Jump to content
BANGKOK
robsamui

What they don't tell you about clearing off to Vietnam

Recommended Posts

7 minutes ago, Jack Mountain said:

Thx for the report. Question, are there gated community Villages like in Thailand? How much for a rental house 2 bedroom,2 bathroom, community pool if available?

You could have a look online to see Vietnamese property rent availability , but condos /hotels/accommodation is about 1/3 rd  more than in Thailand , (Thai prices away from the tourist areas, that is )  

Edited by sanemax
  • Thanks 1

Share this post


Link to post
Share on other sites

I made this move from Bangkok to HCMC myself 12 years ago for work, in my mid 20s - naively thinking “just neighbors, can’t be THAT different”, just to make similar experiences than yours, now I can just laugh about it and it’s entertains me reading the OP 😂 

  • Thanks 1

Share this post


Link to post
Share on other sites

Good report. 

Must say I am bewildered.

I read on here many times that thailand was ruined/finished etc and that anywhere else was better.

Just goes to show eh.

Grass, greener etc etc

  • Like 1
  • Thanks 1

Share this post


Link to post
Share on other sites
1 hour ago, Kerryd said:

So many foreigners (in Thailand) gripe and moan about having to do the TM.30s and 90 day reports.
Imagine if they had to renew their visa every 90 days !

As I've mentioned in other threads, there is a huge difference between visiting a place and actually living there. The OP's post helps highlight that difference. I've also mentioned that one has to consider what one is willing to put up with (or without) when deciding to live in a foreign country. Obviously there are cheaper countries to live in than Thailand, but the downside(s) may be more than most are willing to accept.

Some more detailed information would be helpful though.
Such as, can foreigners own land there or is it like Thailand ?
How much are the (3 month) Visas (if there is any cost) and what are the requirements (if any) ?

Do they have reporting requirements like Thailand ? 
What are the internet speeds and packages like (price-wise) ? Also, the availablity outside of the major cities.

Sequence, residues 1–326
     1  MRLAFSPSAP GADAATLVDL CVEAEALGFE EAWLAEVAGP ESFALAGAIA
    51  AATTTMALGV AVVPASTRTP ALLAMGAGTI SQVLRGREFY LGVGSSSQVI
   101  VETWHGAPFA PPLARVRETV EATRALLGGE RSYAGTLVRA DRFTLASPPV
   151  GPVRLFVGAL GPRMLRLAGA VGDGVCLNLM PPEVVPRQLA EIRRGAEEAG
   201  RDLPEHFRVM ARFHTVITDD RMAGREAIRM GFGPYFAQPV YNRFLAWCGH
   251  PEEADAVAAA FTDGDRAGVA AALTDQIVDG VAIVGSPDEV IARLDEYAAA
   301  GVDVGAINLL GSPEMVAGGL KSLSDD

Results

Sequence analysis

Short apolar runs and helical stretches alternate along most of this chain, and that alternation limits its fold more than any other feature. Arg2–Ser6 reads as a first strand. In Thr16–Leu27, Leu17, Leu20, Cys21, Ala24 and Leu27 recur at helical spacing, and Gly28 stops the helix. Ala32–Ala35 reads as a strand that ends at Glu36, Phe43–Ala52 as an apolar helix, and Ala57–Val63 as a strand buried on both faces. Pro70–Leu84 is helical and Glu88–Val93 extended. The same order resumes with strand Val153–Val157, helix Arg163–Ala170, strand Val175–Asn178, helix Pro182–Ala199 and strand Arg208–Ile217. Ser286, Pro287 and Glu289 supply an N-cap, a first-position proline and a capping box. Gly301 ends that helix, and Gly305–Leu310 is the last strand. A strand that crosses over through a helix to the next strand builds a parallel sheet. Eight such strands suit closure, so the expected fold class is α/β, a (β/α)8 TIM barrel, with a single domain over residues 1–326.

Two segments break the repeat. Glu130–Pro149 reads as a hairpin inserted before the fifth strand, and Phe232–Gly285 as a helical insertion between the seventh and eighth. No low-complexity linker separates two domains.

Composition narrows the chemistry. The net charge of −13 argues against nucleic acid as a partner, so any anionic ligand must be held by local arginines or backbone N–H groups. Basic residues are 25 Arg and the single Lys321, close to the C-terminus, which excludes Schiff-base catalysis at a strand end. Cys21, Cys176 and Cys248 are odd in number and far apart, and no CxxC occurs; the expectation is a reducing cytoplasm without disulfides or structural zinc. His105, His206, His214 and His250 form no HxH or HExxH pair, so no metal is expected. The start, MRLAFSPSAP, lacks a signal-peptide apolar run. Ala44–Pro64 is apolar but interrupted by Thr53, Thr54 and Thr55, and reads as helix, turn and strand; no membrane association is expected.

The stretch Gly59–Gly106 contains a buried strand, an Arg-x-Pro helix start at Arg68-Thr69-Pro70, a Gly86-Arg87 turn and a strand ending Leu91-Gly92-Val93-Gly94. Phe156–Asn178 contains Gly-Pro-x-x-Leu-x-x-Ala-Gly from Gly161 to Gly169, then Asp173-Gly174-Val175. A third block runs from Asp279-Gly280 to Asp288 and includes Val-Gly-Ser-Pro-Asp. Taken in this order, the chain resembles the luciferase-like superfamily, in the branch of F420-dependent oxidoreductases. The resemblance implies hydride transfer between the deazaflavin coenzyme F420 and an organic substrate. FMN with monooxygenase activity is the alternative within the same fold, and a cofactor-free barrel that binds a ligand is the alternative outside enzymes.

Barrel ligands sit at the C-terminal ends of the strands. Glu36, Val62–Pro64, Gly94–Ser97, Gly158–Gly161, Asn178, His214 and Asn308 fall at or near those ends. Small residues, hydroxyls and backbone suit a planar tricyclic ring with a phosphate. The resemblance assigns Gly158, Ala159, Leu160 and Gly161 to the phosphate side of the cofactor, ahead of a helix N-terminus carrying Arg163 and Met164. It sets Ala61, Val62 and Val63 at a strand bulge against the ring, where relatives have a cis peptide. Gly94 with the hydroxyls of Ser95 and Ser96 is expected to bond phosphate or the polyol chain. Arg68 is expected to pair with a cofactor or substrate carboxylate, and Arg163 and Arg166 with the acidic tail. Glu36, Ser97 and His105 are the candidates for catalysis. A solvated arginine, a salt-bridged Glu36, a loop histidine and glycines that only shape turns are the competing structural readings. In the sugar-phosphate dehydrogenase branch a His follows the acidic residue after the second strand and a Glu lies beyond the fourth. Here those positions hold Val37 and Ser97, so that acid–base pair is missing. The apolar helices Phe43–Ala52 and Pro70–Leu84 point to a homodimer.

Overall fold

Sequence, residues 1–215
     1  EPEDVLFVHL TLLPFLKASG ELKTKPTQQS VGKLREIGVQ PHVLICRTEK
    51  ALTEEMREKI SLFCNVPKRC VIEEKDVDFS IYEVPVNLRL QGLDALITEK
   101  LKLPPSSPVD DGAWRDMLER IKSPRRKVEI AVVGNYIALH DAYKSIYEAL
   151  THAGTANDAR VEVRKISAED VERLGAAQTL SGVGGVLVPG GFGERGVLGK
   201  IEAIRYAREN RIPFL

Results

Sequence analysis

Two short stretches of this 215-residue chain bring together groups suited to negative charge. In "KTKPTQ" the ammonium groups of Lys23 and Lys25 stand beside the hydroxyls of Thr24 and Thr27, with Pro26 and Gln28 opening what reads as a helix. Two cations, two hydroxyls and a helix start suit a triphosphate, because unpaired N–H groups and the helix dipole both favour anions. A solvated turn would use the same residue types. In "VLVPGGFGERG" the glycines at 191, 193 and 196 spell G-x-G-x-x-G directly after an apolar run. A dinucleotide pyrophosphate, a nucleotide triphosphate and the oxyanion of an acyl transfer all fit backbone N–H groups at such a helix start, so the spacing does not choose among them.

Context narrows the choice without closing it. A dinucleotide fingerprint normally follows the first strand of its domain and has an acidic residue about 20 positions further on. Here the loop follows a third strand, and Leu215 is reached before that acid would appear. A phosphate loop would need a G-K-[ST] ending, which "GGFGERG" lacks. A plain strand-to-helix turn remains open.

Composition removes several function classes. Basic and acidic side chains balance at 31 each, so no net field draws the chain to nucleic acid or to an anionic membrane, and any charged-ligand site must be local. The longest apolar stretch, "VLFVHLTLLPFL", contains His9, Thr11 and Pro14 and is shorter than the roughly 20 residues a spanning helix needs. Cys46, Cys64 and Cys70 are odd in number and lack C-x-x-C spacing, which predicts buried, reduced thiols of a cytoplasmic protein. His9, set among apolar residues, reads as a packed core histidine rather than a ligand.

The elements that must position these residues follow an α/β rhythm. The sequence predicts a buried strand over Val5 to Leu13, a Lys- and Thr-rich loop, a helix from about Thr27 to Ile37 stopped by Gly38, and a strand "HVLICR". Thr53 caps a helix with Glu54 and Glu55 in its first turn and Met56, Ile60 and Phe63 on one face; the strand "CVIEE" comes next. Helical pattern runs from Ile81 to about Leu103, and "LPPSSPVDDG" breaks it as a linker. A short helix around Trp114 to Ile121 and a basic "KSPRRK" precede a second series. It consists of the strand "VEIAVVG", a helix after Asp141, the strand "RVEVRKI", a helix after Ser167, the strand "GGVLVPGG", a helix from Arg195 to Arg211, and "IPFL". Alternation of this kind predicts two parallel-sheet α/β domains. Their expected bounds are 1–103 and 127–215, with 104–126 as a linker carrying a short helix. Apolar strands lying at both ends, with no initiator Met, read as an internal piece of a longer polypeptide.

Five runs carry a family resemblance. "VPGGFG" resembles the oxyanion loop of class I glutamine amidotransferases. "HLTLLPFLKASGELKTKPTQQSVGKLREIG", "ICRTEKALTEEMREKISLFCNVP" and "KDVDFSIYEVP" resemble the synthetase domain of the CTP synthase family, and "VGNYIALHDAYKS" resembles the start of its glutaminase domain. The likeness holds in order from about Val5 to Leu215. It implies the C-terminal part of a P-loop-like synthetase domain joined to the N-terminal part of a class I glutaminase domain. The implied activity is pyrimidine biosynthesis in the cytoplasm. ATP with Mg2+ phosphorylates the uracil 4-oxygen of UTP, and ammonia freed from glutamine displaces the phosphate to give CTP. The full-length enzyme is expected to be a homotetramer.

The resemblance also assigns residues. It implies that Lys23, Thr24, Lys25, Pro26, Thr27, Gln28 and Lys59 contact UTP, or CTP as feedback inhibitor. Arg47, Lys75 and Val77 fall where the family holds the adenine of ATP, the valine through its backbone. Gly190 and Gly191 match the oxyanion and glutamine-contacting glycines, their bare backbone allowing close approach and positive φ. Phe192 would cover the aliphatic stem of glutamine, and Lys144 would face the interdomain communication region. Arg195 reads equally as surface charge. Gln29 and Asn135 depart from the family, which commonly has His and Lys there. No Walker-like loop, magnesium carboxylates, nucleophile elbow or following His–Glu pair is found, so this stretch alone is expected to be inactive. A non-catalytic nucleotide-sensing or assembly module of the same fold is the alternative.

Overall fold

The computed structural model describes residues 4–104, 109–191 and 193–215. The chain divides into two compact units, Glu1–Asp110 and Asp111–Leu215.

Many foreigners love their "footie" (or other English language programming such as news and movies), what are the TV services like ? (Cost and availability).

One thing I hated about Cambodia was the noise, especially for wedding ceremonies where they blast the music as loud as possible ALL DAY LONG. Frik - it seemed every village and town we went through had at least one wedding happening everyday ! That alone is enough to for me to never want to move there.
It's already been mentioned about the constant honking in Vietnam. (I noticed India was like that as well - people would start honking the moment they saw another vehicle, even if it was on the other side of a divided, well lit, 4 lane highway at 2 in the morning !)
What about other noise such as weddings, blaring announcements on loudspeakers, bars/karaokes blasting music until the wee hours, etc.


The availabilty of foreign foods would be an issue for some, especially if living away from the larger cities. Not much different from Thailand in that case, except that Thailand seems to have a 7/11 or Family Mart (or both) on almost every city block or in every village of more than a thousand people (and it's pretty easy to get stuff delivered if ordering online). Of course, that would be the more expensive option which would rule it out for those seeking greener "cheaper" pastures. Again, it depends on what a person is willing to give up in exchange for a cheaper cost of living.